How to NOT look like an idiot slacklining

How to NOT look like an idiot slacklining

I got introduced to slacklining in college. I would see college kids posted up between two trees doing their balancing act. I’ve always wanted to learn but never had the opportunity, but on that day I approached them and they were more than willing to help. If you ever feel afraid of approaching a group, don’t be. I find a lot of slackliners are very open to teaching beginners.

Here I have a quick and dirty beginner guide geared to those who have never stepped foot on a slackline. You aren’t going to be bouncing anytime soon, but you’ll have a few tips to get you started and not look like a complete newbie!

Slacklining is great for everyone. Even fit athletes will find their legs shaking trying to mount the slack line. It is great for balance, core strength and works on leg stabilizers. Here’s a step-by-step guide to get you NOT looking like a complete newbie.

Step by Step Guide

1. Take off your shoes/socks. Barefoot is preferable as your toes can provide extra dexterity on the line.
2. Start towards the ends of the slackline, not the middle. The middle is the hardest place to start as there is more sag.
3. Your first goal as a first timer is get one leg on the slackline and balance as long as possible. While it may seem easier to get two feet on, having one leg out helps you balance.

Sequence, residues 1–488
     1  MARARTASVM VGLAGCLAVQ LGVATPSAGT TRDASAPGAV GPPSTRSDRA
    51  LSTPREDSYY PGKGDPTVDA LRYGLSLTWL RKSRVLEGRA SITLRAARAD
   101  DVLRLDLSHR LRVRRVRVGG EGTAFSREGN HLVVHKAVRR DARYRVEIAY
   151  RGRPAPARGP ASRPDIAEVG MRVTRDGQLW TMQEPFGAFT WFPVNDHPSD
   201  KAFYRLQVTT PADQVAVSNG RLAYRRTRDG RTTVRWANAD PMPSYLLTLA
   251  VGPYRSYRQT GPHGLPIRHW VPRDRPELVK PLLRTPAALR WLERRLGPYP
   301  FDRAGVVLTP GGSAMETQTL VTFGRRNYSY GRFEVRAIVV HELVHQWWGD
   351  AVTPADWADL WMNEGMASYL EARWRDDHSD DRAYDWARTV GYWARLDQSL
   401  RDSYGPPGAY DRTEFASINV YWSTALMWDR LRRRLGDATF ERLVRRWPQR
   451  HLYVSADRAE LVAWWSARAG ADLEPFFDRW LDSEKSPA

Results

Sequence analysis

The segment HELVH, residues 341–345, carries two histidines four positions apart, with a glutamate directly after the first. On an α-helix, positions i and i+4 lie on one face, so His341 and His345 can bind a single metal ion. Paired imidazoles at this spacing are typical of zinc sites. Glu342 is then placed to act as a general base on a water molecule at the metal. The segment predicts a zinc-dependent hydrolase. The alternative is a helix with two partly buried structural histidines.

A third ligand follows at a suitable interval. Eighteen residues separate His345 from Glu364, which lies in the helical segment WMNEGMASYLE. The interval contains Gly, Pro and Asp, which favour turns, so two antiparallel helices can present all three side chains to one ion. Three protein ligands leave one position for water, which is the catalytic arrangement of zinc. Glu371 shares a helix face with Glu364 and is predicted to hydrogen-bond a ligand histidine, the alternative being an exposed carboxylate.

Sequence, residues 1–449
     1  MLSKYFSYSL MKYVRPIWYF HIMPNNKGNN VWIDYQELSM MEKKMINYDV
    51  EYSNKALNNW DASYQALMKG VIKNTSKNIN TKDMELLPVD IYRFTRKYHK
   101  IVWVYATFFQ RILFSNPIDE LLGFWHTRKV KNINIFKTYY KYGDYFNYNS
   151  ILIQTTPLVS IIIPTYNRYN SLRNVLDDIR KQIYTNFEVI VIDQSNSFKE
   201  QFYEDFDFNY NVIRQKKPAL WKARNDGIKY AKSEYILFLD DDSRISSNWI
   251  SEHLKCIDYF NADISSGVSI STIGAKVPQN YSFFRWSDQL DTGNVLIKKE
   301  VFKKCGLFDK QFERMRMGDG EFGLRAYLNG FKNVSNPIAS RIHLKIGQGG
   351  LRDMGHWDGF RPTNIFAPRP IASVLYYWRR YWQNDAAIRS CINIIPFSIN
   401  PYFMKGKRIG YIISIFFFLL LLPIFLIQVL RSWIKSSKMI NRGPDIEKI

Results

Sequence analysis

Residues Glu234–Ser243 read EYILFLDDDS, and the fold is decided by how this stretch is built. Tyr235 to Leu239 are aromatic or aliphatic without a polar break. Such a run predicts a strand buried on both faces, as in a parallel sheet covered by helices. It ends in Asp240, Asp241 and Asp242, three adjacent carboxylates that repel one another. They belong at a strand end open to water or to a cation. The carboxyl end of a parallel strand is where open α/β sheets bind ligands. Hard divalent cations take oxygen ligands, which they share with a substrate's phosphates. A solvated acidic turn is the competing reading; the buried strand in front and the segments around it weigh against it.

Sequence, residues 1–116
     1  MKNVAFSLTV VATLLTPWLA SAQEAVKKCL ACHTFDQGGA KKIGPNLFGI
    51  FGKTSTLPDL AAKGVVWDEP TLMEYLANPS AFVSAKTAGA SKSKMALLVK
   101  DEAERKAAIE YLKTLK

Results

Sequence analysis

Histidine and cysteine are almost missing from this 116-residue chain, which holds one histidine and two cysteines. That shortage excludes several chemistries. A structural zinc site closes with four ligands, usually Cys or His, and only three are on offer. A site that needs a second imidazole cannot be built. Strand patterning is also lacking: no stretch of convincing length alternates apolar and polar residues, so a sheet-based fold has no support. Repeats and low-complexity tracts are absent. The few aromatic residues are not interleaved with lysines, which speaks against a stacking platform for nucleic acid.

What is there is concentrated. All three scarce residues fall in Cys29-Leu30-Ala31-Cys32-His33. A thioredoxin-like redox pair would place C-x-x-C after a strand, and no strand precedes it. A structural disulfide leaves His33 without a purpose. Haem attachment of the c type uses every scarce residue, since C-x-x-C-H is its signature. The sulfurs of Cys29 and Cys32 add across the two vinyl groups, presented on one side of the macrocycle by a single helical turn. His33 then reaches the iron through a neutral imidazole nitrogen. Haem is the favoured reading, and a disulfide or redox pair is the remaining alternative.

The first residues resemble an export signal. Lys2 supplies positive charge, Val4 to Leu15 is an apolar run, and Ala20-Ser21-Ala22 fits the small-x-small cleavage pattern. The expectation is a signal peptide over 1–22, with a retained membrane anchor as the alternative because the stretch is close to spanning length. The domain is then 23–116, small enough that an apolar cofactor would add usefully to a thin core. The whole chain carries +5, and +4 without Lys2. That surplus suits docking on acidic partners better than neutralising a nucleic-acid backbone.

4. Stand parallel to the line, having the slackline next to your strong leg. Put your foot on the slackline.
5. Do not look at your leg. Look straight ahead at the anchor. Push down firmly on your leg and use your hands and leg to balance.
6. Congratulations! You probably were able to stand up for half a second. Keep practicing, trying to balance as long as you can. As you balance longer, feel free to put your second foot in front of you.

In this first session you probably won’t be able to walk on the slackline but it’s still a great accomplishment to end better than where you started. Go get ’em!

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